Amsterdam, Netherlands: Shares of Dutch navigation device maker TomTom fell sharply Tuesday after the company issued stock to help finance its proposed €2.9 billion (US$4.3 billion) acquisition of digital mapmaker Tele Atlas.

Separately, a majority of TomTom NV shareholders approved the purchase at an extraordinary meeting in Amsterdam, where the company is based.

Shares were down 7.8 percent at €57.80 (US$85.19) in Amsterdam trading, after TomTom said it had raised about €457 million (US$674 million) by issuing 8.1 million new shares to help finance the buy.

Those shares will hit the market on Dec. 7 after payment is settled.

TomTom’s fight to buy Tele Atlas NV, which is based in Den Bosch, Netherlands, has already had a long road and still faces hurdles.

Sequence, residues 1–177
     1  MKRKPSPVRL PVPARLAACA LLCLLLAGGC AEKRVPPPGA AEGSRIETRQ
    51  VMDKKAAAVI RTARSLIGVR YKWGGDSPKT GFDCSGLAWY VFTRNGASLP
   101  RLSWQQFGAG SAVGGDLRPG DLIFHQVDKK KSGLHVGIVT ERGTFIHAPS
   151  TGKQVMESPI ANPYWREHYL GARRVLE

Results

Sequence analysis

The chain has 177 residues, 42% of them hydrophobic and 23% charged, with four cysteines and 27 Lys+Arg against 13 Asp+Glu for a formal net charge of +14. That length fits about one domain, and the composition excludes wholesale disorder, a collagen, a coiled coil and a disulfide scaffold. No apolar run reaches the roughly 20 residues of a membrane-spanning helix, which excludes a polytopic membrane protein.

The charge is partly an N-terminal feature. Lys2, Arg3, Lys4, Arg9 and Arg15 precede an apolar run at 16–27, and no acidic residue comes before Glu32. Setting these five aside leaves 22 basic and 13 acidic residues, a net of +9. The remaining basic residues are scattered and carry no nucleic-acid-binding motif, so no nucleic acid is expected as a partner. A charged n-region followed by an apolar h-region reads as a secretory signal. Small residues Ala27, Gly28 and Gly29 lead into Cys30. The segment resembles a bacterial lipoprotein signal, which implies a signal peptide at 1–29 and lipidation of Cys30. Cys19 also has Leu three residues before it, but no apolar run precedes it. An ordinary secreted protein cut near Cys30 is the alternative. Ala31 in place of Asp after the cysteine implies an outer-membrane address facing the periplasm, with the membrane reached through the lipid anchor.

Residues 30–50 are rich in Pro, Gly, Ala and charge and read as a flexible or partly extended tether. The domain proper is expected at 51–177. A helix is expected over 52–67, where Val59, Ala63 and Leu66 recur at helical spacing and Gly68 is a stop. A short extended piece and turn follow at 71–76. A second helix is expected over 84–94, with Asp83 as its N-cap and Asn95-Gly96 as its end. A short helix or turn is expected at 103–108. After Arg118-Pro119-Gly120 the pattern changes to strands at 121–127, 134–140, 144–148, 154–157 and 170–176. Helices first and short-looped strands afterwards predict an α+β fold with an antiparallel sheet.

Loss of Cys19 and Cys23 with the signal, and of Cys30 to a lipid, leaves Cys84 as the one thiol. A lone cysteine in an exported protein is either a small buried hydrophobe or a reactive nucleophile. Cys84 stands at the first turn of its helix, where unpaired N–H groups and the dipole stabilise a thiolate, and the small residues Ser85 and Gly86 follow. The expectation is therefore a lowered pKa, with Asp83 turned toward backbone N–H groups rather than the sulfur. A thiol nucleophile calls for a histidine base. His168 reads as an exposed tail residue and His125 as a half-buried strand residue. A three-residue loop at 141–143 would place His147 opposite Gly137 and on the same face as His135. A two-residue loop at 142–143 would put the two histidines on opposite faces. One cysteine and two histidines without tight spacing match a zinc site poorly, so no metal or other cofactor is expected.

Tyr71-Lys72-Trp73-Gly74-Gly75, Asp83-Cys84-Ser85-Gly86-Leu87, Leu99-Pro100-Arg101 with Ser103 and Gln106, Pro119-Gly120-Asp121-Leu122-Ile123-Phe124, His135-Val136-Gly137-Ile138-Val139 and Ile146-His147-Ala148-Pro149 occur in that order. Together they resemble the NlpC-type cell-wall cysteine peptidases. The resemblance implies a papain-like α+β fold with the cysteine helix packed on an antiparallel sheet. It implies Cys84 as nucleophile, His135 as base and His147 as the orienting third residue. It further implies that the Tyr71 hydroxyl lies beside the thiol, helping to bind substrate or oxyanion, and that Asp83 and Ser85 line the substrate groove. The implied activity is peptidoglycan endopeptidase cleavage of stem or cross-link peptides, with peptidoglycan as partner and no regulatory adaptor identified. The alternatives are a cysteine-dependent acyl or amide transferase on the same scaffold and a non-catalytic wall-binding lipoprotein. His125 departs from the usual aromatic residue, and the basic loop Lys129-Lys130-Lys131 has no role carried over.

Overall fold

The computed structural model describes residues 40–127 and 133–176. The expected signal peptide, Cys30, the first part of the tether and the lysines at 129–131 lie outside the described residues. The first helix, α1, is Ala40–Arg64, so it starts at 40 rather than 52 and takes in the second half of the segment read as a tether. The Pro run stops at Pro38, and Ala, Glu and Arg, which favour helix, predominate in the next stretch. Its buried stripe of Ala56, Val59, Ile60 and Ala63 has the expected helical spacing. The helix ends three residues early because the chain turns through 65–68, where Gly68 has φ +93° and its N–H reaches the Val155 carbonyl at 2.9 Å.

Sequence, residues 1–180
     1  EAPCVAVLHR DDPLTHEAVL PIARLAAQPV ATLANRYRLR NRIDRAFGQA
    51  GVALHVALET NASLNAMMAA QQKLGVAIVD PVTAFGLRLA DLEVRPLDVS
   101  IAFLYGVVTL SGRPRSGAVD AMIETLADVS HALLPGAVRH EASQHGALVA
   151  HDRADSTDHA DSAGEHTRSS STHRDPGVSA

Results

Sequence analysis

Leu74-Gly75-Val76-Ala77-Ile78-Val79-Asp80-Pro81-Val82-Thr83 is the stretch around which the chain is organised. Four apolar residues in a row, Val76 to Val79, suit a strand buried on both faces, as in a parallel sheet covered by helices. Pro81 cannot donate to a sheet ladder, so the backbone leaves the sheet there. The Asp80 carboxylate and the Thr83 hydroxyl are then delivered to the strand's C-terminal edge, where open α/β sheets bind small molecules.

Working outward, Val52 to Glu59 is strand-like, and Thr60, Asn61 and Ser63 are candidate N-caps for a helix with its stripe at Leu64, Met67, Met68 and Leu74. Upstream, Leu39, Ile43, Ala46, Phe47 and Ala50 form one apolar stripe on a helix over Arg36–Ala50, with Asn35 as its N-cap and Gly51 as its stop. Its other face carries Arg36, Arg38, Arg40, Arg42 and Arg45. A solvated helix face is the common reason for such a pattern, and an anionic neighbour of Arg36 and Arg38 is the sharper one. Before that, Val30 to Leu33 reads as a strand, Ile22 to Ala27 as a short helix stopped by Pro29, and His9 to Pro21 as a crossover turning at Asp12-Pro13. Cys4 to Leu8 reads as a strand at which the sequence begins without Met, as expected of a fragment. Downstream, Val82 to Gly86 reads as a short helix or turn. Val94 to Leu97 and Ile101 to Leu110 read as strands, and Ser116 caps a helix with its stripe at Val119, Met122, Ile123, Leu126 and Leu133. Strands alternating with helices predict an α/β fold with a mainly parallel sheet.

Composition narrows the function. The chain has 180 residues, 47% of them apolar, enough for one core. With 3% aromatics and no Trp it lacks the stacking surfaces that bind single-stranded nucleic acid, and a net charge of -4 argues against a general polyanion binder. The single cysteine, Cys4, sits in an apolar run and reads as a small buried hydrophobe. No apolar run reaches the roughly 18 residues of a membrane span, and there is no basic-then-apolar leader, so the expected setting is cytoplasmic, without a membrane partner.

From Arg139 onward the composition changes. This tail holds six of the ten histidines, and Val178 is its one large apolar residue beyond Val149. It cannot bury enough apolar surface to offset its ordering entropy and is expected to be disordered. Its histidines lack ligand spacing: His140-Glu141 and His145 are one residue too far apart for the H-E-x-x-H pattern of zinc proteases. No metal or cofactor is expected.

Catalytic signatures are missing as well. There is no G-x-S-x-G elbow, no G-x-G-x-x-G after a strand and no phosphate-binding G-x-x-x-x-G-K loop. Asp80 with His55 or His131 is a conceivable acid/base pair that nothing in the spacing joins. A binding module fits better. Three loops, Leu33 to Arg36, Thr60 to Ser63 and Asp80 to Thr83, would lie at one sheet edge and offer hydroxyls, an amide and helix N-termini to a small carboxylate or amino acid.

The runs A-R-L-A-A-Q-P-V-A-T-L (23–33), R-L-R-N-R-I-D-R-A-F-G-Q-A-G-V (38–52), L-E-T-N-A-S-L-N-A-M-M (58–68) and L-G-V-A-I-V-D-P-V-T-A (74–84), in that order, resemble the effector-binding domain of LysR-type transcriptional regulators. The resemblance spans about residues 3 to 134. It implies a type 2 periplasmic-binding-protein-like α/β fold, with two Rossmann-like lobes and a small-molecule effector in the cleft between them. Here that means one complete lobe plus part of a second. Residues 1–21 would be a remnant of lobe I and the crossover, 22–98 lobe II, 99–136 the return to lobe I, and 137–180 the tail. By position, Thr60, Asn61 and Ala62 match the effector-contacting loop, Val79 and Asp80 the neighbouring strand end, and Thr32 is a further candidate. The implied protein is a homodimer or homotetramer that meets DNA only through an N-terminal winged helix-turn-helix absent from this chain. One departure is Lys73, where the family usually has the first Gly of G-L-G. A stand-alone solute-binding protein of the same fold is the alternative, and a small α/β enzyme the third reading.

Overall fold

Last week, the European Union opened an in-depth antitrust investigation after its preliminary probe “indicated that the proposed merger raises serious doubts” about whether the joint entity would leave the European market of portable navigation devices open to enough competition.

TomTom hopes to integrate Tele Atlas’s maps into its devices, allowing, for instance, features such as instantaneous map updates based on feedback from users stuck in traffic.

It initially bid €21.25 per share for Tele Atlas in July.

But after Finland’s Nokia Corp. bought Chicago-based Navteq Inc. — the only major digital mapmaker other than Tele Atlas with global operations — in early October, TomTom’s larger rival Garmin Ltd. entered the bidding for Tele Atlas at €24.50 per share.

TomTom, which relies primarily on Tele Atlas maps, was obliged to respond or face having to buy maps from its main competitor. It raised its offer to €30 per share.

But in November, Cayman Islands-based Garmin signed a supply deal with Nokia Corp. to secure access to Navteq maps until 2015 and dropped out of the bidding for Tele Atlas, apparently leaving the field to TomTom.

The EU commission has now set an April 17 deadline to approve or reject the deal.

“I do believe we will get clearance from the European Commission,” TomTom Chief Executive Harold Goddijn told shareholders Tuesday.